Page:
H alf courtroom drama, half suspense, this study in genre filmmaking is tautly woven butbased on an imaginary legal framework. In other words, it is not realistic, but is built on anassumption. Once you accept that, you'll be able to enjoy the twists in the plot and themotivations of every character.

The teenager daughter of a rich businessman is widely suspected of killing her father's pop-singer girlfriend. The truth peels off one layer at a time, until we come face to face with thepossibility that there is a bigger power at play than law, something that touches us infundamental ways. The three leads deliver immaculate performances and writer-director FeiXing exhibits a maturity that belies his newcomer status.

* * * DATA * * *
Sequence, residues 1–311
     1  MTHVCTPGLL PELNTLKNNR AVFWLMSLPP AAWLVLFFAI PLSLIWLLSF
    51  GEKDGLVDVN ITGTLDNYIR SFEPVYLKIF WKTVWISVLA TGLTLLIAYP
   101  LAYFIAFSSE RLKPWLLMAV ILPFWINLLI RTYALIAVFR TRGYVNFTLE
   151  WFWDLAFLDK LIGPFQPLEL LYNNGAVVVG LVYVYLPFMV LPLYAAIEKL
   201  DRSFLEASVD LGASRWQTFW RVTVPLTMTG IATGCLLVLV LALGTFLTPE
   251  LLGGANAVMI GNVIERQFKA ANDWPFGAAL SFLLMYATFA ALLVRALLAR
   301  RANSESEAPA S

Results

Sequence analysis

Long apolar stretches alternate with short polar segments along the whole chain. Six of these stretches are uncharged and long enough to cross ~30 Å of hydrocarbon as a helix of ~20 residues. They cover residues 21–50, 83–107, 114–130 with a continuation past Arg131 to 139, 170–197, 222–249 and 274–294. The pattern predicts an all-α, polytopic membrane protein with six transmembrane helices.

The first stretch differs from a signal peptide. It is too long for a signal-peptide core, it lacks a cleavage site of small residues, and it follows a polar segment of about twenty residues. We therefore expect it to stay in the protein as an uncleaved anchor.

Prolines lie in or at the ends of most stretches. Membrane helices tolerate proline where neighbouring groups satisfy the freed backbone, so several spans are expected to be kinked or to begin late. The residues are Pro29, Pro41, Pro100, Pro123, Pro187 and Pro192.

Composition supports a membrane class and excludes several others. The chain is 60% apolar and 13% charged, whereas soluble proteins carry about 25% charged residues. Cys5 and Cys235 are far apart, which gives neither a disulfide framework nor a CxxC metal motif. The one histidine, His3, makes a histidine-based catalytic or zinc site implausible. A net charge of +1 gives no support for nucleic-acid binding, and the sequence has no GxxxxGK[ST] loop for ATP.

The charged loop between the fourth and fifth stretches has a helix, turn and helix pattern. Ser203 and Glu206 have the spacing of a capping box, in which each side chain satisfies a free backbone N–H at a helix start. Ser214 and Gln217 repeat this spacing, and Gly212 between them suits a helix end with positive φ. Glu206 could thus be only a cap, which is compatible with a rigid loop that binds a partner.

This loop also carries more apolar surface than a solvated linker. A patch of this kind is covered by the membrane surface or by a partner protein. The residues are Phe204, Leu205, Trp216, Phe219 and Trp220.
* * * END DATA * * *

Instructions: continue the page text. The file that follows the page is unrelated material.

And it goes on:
The Love Songs of Tiedan

Hao Jie's second feature suffers the fate of a typical art-house film, which means sinking atthe box office without even a ripple. His debut film Single Men (2010) was a breakoutgarnering a basket of international awards but never attempted to gain approval fordomestic release. As such, it did not need to remove the naughty edges that might haverankled the censors.

In both movies, Hao displays the curiosity of a teenage boy who is just discovering thewonders of sex. Tiedan is an adolescent who falls for a much older neighbor and, yearslater, her daughters. The story is very fluent and full of bawdy humor, yet it lacks the smalldetails that make Single Men so refreshing. There is no ideology in either movie, butsomeone growing out of puberty is not really a subject everyone is comfortable with, and thestory is hard to tell well under the circumstances.

Young Style